The novel “Blackout” by Connie Willis was published for the first time in 2010. Along with the second part of what is actually a two-part novel, it won the Hugo, Nebula, and Locus Awards as the best novel of the year.
Michael Davies, Polly Churchill, and Merope Ward are ready to go from 2060 on a mission into the past to observe various moments of World War II. The situation is chaotic because their boss, Professor James Dunworthy, started changing assignments at the last minute.
Eventually, the three historians manage to leave but arrive in places and times slightly different from the ones planned far beyond the margins of error. They’re supposed to just observe some of the darkest moments of the war from places considered safe but they end up involved in various ways in the events. When they try to access the time portals to return to 2060, they fail for various reasons.
In 1982, Connie Willis published the novelette “Firewatch”, winner of the Hugo and Nebula awards, in which she introduced the time travel department of Oxford University and Professor James Dunworthy. In 1992, she published the novel “Doomsday Book”, winner of the Hugo, Nebula, and Locus awards, set in the same fictional universe.
“Blackout” is the first half of another novel related to Oxford’s time travel. In this case, there are three historians who start from 2060 to arrive in 1940 in various places where they’re supposed to observe some moments of World War II but they all start having more or less serious problems and above all, they can’t go back to 2060.
The great strength of “Blackout” is in the setting in Britain under attack by the Nazis. There are soldiers and one of the subplots concerns Dunkirk evacuation but the characters are mainly civilians and London’s Blitz becomes increasingly important over the course of the novel. Connie Willis tells the daily life of the inhabitants, who are looking for normality, to the point that the shops are open when possible, but they must be ready to run into the shelters as soon as the alarm goes off.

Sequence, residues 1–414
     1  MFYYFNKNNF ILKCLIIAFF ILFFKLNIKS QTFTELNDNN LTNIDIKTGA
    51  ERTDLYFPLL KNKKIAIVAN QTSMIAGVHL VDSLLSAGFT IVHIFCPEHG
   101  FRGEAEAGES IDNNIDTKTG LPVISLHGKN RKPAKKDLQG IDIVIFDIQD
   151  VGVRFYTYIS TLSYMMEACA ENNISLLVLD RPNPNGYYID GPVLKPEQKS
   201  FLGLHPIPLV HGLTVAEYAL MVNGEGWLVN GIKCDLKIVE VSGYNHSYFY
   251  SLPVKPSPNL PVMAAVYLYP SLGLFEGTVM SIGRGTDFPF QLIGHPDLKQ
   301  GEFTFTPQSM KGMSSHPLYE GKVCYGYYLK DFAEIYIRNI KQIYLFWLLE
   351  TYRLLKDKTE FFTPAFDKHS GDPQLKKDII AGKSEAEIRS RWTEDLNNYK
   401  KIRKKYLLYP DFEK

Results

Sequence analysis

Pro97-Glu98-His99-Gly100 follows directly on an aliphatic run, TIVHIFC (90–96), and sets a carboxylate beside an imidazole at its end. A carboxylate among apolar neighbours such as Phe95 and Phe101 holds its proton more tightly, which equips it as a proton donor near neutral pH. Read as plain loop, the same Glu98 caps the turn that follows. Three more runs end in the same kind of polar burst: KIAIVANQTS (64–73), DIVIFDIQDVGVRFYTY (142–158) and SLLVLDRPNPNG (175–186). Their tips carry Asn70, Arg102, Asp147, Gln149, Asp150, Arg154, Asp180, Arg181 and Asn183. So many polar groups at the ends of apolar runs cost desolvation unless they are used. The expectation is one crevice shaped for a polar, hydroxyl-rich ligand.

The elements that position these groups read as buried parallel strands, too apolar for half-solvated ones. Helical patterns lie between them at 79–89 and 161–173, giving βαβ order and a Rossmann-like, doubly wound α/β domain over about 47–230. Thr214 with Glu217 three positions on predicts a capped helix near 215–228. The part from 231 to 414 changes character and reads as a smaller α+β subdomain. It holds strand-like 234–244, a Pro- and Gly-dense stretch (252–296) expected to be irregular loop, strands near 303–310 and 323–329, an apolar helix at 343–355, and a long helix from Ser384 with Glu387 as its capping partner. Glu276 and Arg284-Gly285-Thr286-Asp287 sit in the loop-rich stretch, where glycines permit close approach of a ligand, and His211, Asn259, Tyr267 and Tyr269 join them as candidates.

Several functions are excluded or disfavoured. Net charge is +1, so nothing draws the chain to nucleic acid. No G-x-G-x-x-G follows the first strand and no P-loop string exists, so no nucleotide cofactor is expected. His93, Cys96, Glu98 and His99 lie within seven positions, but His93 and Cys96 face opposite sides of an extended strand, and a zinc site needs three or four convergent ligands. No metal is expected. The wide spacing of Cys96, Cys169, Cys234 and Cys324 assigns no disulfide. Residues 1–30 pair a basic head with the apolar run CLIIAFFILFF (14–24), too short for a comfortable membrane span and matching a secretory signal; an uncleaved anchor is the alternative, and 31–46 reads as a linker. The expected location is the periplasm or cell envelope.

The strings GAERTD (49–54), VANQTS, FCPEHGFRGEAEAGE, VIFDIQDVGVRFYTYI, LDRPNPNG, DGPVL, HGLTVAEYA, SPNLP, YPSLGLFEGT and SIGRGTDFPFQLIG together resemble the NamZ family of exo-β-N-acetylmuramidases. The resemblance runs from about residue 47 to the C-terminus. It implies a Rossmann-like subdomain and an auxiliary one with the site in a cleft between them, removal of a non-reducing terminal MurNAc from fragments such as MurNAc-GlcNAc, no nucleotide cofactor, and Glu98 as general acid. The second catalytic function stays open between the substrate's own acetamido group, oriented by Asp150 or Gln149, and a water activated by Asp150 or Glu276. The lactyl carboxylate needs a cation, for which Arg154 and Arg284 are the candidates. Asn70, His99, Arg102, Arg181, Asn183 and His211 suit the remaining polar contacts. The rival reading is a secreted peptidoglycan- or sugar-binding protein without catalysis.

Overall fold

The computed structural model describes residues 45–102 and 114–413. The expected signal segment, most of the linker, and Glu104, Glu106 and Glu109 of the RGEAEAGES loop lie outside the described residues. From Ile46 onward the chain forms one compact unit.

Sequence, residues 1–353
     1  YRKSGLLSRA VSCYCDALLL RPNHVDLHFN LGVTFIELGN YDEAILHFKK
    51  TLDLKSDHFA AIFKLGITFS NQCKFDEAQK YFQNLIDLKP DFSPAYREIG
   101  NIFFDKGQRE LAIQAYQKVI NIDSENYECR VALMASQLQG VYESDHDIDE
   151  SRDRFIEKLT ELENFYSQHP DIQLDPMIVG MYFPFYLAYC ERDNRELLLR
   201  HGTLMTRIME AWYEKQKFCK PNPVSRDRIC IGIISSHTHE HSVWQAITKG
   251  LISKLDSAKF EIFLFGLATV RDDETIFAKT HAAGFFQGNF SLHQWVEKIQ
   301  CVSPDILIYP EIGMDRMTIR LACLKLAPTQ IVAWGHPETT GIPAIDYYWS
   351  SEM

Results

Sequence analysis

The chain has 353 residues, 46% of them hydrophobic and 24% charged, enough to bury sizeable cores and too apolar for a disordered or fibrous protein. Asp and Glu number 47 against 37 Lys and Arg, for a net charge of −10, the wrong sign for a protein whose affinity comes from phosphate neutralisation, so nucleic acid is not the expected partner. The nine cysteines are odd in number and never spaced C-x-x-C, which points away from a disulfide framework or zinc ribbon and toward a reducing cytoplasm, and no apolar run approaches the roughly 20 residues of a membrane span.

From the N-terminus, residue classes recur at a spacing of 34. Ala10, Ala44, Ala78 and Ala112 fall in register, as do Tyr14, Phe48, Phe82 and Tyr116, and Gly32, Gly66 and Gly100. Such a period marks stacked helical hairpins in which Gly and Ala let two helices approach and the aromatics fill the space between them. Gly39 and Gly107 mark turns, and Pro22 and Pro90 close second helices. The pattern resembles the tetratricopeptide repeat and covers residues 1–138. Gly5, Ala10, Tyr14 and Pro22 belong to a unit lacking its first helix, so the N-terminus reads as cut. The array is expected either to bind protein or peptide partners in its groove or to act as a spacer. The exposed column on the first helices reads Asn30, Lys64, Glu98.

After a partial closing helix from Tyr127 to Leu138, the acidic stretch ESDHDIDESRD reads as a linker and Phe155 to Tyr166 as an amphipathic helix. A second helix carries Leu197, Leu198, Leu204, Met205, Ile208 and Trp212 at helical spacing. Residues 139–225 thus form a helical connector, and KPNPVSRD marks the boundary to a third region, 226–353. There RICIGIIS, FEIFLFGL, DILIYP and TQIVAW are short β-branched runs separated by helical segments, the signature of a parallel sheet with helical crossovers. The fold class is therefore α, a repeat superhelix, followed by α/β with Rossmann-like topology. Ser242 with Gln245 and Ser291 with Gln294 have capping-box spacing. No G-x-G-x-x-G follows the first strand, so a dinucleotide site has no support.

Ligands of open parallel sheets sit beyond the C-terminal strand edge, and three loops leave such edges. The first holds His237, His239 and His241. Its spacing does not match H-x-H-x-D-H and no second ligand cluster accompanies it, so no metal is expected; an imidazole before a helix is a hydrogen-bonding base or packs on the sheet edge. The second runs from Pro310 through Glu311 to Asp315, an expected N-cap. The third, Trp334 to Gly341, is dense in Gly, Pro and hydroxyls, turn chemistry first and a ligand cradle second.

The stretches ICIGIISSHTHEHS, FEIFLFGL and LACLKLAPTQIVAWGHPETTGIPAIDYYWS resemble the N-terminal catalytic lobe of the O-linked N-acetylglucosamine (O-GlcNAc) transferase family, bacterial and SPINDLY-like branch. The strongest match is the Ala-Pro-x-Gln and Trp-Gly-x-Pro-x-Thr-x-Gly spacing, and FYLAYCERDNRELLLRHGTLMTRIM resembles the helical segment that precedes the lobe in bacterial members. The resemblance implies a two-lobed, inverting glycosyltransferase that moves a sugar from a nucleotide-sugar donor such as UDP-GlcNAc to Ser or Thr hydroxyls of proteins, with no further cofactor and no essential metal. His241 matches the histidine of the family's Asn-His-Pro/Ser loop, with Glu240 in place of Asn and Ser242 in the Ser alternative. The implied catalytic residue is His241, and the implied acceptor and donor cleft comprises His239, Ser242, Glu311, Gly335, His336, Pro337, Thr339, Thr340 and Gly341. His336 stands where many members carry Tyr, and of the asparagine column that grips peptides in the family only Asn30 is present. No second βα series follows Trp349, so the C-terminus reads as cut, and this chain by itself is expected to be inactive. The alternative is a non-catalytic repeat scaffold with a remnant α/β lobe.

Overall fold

The title of the novel refers to the mandatory blackouts during the night during London’s Blitz period. Any light could represent a point of reference for the German pilots, so the street lighting was off and the city inhabitants were ordered to perfectly cover the windows so that the home lights didn’t leak out.
The protagonists, who arrived in 1940 as observers, find themselves facing unexpected situations. They studied historical information about the time and place they were sent to avoid the ones hit by the Nazis but something went wrong. The consequence is that they lose any advantage they should have over the local inhabitants and end up risking their lives too.
The situation of the protagonists represents one of the problems of the novel. In the initial part, which concerns the preparation of the travelers for their missions, the importance of safety is stressed several times, yet it seems that there are no contingency plans that allow travelers to access alternative time portals to the one designated for the trip. In case of problems, the travelers must wait for a rescue team to arrive. Oxford’s time travel department seems curiously poorly organized, also thinking about the changes of plans at the beginning of the novel.
The biggest problem with the novel is that in my opinion the length is not justified by the substance, in the sense that some parts seem useless to me. In particular, the story of Merope/Eileen seems like a burden to me, as it focuses on the problems she has in dealing with naughty children, especially when they get measles. To me, that part gives a very limited idea of the street urchins who were growing up in the direst poverty at the time like in Whitechapel and takes a lot of tension away from the story.
An overall judgment requires reading the whole story, as “Blackout” doesn’t have an ending. This first part gave me mixed feelings and I hope the second is more intense. If you liked “Doomsday Book”, you will probably like this novel too.